Washington, United States: US lawmakers have nominated Hong Kong’s pro-democracy movement for the Nobel Peace Prize, calling the campaigners a global inspiration as they endure a crackdown by Beijing.
In a letter to the Nobel Committee submitted by the February 1 deadline and released Wednesday, nine lawmakers across party lines cited the estimate that more than two million took to the streets on June 16, 2019.
With Hong Kong having a population of 7.5 million, it amounts to “one of the largest mass protests in history,” said the letter, led by Republican Senator Marco Rubio and Democratic Representative Jim McGovern, co-chairs of the Congressional-Executive Commission on China that assesses human rights.
“This prize would honor their bravery and determination that have inspired the world,” they wrote.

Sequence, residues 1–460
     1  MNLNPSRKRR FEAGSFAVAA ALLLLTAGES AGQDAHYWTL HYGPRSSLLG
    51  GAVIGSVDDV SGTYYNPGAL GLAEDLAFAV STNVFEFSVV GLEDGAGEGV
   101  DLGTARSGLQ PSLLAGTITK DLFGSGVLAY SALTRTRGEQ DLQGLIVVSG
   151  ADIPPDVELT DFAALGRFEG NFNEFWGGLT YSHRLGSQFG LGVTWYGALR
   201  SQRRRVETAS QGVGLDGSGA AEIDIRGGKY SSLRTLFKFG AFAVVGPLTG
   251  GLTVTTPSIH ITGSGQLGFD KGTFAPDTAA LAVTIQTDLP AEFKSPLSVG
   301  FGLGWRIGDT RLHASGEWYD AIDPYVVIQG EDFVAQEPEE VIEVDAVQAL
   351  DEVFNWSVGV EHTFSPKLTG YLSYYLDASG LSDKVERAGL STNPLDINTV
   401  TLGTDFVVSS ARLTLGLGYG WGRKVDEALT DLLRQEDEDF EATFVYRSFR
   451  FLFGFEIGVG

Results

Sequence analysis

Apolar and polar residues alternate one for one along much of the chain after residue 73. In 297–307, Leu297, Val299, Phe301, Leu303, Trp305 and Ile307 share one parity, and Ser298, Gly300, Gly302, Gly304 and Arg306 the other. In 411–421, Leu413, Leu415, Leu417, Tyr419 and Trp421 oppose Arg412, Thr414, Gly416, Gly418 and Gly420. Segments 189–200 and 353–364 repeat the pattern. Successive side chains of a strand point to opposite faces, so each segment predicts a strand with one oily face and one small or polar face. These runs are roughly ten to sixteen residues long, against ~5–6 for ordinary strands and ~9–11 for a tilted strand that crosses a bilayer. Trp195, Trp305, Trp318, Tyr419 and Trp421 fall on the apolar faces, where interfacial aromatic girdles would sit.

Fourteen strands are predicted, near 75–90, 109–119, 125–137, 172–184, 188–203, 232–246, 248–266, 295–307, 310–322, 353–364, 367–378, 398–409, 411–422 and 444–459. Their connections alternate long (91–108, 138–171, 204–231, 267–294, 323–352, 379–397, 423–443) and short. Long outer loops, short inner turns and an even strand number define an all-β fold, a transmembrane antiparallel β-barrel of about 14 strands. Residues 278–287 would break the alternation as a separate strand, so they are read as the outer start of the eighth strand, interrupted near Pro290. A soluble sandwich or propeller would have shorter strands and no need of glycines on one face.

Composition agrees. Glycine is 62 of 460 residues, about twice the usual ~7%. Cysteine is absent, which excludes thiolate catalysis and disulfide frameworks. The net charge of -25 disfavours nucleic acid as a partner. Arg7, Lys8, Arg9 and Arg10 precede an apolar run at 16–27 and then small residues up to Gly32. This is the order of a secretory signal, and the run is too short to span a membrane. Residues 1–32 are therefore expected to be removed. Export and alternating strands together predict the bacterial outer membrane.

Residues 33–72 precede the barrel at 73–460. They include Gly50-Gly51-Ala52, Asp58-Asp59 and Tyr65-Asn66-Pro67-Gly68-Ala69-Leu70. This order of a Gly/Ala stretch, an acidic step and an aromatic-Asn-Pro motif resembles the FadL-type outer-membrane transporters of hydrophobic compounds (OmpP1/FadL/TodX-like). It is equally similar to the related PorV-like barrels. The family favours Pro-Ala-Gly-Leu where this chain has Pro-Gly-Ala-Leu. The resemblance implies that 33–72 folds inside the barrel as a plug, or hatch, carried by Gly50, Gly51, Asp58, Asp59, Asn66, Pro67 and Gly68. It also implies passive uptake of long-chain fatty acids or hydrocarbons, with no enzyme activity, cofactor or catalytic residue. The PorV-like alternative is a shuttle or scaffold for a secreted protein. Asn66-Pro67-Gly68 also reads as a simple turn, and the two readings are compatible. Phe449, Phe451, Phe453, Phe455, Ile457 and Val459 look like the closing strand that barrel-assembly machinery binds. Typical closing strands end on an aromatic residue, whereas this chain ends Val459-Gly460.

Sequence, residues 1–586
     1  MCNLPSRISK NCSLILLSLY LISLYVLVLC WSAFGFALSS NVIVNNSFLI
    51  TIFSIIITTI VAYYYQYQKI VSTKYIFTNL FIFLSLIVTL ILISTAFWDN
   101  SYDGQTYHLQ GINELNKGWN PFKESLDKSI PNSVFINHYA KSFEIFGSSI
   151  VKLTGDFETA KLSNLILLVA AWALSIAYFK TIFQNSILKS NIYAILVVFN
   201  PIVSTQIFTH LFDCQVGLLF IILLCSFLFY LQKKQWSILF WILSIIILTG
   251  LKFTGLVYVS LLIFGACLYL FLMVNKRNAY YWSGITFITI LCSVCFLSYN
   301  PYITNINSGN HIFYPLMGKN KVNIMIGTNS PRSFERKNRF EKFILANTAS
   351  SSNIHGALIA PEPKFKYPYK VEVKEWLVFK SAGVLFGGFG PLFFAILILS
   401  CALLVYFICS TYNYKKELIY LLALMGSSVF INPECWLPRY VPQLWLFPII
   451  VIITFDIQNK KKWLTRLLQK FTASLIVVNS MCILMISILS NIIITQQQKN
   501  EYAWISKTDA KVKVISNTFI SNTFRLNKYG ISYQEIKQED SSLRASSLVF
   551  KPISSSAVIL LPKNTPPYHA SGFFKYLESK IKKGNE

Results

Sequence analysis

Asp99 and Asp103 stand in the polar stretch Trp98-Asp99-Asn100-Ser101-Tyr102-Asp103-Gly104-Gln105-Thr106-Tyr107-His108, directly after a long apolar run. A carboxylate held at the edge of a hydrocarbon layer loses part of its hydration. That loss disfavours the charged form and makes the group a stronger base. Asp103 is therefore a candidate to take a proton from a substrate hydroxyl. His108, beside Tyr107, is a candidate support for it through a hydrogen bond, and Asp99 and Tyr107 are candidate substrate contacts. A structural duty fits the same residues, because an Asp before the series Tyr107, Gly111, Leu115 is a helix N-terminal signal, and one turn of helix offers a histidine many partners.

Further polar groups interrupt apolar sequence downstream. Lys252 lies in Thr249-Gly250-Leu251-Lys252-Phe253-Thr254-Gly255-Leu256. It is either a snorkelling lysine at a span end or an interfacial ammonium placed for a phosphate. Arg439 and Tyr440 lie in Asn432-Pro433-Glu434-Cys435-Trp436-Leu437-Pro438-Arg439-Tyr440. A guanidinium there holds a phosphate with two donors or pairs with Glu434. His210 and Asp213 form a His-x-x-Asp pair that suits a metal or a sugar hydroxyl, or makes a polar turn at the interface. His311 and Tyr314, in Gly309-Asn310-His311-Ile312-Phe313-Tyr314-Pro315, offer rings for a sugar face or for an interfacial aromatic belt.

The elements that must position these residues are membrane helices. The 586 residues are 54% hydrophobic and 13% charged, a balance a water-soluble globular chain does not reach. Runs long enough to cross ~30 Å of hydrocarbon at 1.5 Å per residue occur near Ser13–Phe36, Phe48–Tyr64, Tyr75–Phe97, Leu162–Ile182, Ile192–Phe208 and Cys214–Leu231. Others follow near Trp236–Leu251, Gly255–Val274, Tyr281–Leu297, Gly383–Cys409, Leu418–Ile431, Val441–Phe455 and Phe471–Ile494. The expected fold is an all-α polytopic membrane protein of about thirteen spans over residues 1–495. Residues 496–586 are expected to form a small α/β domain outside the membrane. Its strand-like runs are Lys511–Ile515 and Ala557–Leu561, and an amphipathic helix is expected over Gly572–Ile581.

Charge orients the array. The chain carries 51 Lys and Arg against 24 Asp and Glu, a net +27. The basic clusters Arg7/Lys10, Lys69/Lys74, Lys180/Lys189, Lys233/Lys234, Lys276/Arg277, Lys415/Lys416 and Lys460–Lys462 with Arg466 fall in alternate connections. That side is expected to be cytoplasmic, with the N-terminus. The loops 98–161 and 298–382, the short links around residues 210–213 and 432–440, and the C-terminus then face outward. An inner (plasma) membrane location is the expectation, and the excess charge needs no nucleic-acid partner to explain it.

“We hope that the Nobel Committee will continue to shine a light on those struggling for peace and human rights in China and we believe the pro-democracy movement in Hong Kong is deserving of recognition this year.”
The lawmakers said they expected more Hong Kong democracy activists to be convicted in the coming months “for the sole reason of peacefully expressing their political views.”
Beijing last year imposed a tough security law that it has used to clamp down on dissent after the unrest in the financial hub, which was promised a separate system before Britain handed the territory back to China in 1997.
Among those who have been rounded up include 24-year-old Joshua Wong, one of the city’s most recognizable democracy advocates, who has been charged with subversion.
The lawmakers recommended that the prize go broadly to all who have pushed for human rights and democracy in Hong Kong since 1997.
Elected lawmakers around the world as well as governments, academics and international judges have the right to nominate candidates for the Nobel Peace Prize, and recommendations do not mean that they will be selected.
China put heavy pressure on Norway, whose parliament appoints members of the Nobel Committee, after the prize went in 2010 to jailed dissident writer Liu Xiaobo — who was still in state custody when he died seven years later.